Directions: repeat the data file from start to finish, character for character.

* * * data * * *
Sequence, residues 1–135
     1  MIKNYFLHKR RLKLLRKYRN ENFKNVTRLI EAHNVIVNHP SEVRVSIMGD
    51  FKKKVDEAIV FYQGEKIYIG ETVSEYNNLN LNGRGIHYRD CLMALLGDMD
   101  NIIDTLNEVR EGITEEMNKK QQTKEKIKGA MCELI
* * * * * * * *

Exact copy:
Sequence, residues 1–135
     1  MIKNYFLHKR RLKLLRKYRN ENFKNVTRLI EAHNVIVNHP SEVRVSIMGD
    51  FKKKVDEAIV FYQGEKIYIG ETVSEYNNLN LNGRGIHYRD CLMALLGDMD
   101  NIIDTLNEVR EGITEEMNKK QQTKEKIKGA MCELI